"Down a River of Time" is a concerto for oboe and string orchestra. It was commissioned as a memorial tribute to her father by the recording's oboe soloist, Linda Strommen. Ewazen's father had also recently died and obviously he felt a strong identification with the notion of a memorial. The title comes from a phrase he read in an essay by Richard Feagler about long-gone relatives: "Moving, though they can't feel the current, down a river of time." The first movement, now rushing, now pausing, describes the onward flow of time full of hopes and dreams. The second movement, subtitled '... and sorrows,' limns feelings at times of loss. The oboe sings a plangent threnody upon a bed of chorale-like string chords. The third movement, '... and memories of tomorrow,' is a squaring of shoulders to face the future, buoyed by happy memories of the lost loved ones. Ewazen's music and his soloist convey the rush of energy that comes from the determination that Life Be Lived. This concerto has every reason to enter the rather small repertory of oboe concerti. Linda Strommen's playing is neat, musical, feelingful; her sound is somewhere between the beefy tone so often used by American oboists and the rather more reedy tone of Europeans, a very satisfying sound for me.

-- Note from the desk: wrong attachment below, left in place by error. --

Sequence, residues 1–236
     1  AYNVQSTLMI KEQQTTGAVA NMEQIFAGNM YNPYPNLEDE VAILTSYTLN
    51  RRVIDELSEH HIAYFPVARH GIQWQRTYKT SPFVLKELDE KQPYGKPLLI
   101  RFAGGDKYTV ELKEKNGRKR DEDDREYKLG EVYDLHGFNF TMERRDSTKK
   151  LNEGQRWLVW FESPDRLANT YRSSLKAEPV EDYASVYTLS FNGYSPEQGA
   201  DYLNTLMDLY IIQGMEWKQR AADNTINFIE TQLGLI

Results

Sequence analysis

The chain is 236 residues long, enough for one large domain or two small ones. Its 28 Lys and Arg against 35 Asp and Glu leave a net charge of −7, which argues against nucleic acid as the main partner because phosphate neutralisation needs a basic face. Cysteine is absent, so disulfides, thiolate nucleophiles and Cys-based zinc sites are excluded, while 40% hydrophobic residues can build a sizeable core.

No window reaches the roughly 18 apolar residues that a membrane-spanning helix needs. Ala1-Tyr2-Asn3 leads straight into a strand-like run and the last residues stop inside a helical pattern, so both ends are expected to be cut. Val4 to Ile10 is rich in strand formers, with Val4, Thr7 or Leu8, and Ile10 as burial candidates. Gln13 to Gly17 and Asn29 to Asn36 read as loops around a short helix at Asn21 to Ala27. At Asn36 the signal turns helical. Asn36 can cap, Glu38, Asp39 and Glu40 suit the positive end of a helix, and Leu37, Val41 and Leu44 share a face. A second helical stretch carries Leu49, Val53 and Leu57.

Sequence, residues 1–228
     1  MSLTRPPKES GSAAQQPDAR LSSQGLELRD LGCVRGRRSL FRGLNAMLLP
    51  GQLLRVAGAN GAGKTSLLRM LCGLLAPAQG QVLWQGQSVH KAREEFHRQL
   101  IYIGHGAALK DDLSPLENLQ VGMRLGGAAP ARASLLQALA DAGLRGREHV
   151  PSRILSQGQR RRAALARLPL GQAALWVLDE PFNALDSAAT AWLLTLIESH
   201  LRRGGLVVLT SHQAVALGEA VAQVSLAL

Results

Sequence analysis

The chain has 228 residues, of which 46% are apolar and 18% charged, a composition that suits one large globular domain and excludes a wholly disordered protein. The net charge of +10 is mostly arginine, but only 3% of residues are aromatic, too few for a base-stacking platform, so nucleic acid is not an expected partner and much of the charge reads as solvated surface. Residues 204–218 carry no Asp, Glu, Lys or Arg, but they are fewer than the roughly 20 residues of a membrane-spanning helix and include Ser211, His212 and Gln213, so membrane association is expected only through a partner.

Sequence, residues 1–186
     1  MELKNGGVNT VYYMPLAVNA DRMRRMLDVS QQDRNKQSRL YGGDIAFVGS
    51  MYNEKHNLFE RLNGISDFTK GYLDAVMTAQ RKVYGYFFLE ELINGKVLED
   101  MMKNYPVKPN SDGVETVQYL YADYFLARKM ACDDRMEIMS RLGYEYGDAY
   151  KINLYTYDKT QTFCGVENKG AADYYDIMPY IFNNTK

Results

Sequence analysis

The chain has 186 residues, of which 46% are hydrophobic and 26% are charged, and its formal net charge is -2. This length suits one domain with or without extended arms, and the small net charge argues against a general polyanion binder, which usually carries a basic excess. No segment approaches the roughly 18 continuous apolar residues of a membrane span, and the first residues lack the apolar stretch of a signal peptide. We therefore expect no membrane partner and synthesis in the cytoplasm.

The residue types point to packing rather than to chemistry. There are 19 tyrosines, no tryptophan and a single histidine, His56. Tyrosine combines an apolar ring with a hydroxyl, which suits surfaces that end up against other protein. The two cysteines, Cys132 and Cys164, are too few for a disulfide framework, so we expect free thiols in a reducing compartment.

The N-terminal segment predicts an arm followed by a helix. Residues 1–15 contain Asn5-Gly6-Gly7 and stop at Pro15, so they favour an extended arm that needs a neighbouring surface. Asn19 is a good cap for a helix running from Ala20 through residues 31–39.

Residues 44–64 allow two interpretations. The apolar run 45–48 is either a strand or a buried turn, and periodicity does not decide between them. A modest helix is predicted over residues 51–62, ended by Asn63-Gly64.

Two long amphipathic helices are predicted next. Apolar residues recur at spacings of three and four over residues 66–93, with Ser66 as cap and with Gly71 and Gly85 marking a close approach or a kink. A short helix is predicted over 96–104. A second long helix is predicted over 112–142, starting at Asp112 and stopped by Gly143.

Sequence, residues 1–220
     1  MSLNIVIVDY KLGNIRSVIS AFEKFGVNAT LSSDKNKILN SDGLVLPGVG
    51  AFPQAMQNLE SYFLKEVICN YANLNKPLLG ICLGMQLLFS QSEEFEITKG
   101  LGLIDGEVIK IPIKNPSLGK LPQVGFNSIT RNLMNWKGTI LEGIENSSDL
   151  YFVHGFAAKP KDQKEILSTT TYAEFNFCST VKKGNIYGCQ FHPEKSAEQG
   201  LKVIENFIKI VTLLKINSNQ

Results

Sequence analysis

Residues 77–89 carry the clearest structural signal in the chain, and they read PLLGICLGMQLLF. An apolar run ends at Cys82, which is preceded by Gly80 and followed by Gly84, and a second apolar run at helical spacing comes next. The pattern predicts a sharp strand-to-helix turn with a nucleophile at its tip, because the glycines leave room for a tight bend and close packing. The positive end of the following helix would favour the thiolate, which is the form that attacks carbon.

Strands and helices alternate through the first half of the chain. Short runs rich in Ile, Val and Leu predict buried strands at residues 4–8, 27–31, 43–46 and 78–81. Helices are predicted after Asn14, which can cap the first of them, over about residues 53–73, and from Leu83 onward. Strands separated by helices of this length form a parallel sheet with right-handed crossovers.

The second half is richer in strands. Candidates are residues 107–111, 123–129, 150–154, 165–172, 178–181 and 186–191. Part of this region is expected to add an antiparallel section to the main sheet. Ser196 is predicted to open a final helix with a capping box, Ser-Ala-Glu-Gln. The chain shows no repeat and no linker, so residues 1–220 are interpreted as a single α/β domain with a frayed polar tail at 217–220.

"Sinfonia for Strings," in three movements, is, if anything, even more neoclassical than the other pieces. One hears vestiges of such baroque dances as the bransle (whence our English word 'brawl'), the hornpipe, and the sarabande. One hears fugal passages, stretti, a canon. String textures vary from sonorous divisi legato chords to energetic passages of complex, virtuosic writing for all the players; even the inner parts must have been great fun to play! There are moments of breathtaking lyrical beauty and passages of fiery, foot-stomping verve. Let there be no doubt, Ewazen, a pianist himself, knows how to write effectively for strings. I want more!